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What is  Wilderness?


Wilderness is essentially unhindered and free from the actions of modern human control or manipulation.


Wilderness ecological systems are substantially free from the effects of modern civilization. 


Wilderness retains its primeval character and influence and is essentially without permanent improvement or modern human occupation.


Wilderness provides outstanding opportunities for solitude or primitive and unconfined recreation. 


Wilderness may also contain ecological, geological, or other features of scientific, educational, scenic, or historical value.

Wilderness is special. Wilderness is federal public land, designated by Congress, and protected under The Wilderness Act of 1964. The Wilderness Act established the National Wilderness Preservation System to include all federally designated wilderness areas, which today totals over 111 million acres inside 803 distinct wildernesses across the United States. Wilderness lands are managed by four federal land management agencies: National Park Service, U.S. Forest Service, Bureau of Land Management, and the U.S. Fish and Wildlife Service.

Wilderness is unique from other public land because of its wildness, remoteness, and lack of amenities as well as its prohibitions of motor vehicles and equipment, permanent roads, and installations. Wilderness is land where we, as a society, choose to let nature run its course. Federal land management agencies seek to preserve these places so that they are untrammeled, natural, and undeveloped, with opportunities for solitude or primitive and unconfined recreation, while also protecting other features of value.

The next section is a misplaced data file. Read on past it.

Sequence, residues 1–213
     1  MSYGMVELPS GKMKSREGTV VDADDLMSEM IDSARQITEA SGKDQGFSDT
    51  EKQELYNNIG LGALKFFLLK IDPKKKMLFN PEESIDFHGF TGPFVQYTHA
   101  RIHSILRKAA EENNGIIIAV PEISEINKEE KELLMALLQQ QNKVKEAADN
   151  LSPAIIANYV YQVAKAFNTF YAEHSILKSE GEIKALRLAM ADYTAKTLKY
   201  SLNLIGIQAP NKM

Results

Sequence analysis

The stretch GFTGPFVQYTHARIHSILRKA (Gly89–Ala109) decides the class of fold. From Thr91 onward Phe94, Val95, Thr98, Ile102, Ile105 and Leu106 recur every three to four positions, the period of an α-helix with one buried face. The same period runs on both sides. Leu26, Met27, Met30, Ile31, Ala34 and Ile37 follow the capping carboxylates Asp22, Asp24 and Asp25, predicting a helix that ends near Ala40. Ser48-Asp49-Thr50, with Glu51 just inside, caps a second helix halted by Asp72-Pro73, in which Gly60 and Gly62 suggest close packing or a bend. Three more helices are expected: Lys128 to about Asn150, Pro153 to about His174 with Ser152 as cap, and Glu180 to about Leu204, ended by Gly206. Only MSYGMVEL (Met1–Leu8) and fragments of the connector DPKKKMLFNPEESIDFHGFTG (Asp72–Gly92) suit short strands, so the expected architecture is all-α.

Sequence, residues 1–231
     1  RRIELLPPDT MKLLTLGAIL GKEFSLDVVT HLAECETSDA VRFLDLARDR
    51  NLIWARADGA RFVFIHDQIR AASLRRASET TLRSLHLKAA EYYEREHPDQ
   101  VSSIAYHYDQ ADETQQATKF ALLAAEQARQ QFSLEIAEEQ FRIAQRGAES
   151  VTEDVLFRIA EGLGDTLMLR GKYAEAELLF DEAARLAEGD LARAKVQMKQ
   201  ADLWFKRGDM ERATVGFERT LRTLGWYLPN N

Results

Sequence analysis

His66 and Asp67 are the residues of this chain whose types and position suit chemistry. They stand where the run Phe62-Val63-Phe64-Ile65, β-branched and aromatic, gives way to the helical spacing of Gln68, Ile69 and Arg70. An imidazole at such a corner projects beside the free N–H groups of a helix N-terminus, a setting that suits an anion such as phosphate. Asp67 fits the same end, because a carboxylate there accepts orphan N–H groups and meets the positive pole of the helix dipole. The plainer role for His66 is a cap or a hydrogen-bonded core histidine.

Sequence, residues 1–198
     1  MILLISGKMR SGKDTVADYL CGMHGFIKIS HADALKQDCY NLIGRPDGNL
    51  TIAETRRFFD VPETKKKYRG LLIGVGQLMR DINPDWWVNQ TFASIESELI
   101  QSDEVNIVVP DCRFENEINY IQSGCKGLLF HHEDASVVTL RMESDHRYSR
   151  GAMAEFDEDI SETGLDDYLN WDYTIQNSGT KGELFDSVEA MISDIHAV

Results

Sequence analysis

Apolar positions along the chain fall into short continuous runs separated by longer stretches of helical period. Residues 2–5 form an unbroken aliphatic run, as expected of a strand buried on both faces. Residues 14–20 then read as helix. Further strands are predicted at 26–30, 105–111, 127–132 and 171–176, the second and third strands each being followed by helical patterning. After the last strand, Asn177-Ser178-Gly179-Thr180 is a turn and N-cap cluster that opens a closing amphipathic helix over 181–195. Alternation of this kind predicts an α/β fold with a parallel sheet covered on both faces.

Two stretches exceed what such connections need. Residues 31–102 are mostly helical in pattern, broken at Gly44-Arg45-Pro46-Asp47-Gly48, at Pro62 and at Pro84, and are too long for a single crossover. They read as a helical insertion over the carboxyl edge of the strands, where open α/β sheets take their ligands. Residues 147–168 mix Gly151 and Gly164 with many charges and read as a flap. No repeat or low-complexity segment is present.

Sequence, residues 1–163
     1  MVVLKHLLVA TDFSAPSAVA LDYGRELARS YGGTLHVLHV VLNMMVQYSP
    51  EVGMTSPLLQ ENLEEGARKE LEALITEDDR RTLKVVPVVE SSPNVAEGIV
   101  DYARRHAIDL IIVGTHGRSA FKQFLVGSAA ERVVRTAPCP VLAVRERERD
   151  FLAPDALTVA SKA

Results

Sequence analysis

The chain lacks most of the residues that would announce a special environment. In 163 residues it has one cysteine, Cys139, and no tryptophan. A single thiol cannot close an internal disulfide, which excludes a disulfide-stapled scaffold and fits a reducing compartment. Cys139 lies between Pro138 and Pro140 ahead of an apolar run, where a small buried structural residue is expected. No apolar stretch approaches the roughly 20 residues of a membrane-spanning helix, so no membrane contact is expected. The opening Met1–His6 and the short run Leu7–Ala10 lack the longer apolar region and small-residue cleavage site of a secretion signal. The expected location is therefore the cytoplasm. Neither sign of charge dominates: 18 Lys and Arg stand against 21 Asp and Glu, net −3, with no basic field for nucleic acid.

Wilderness preserves spectacular natural areas for flora and fauna to flourish, protects watersheds that provide clean drinking water, preserves areas that will support climate resilience, and offers rugged recreation opportunities for visitors to grow and develop independent and self-reliant skills. As we saw during the pandemic, wild places also provide visitors with opportunities for healing, rejuvenation, inspiration, and connection.

On the ground stewardship of wilderness, and our public lands more broadly, is vital for their protection. Federal land management agencies are often asked to do more with less funding and capacity. Now more than ever, stewardship organizations provide additional capacity to fill in gaps and accomplish necessary work.

Explore more in depth about the most protected public lands in America at

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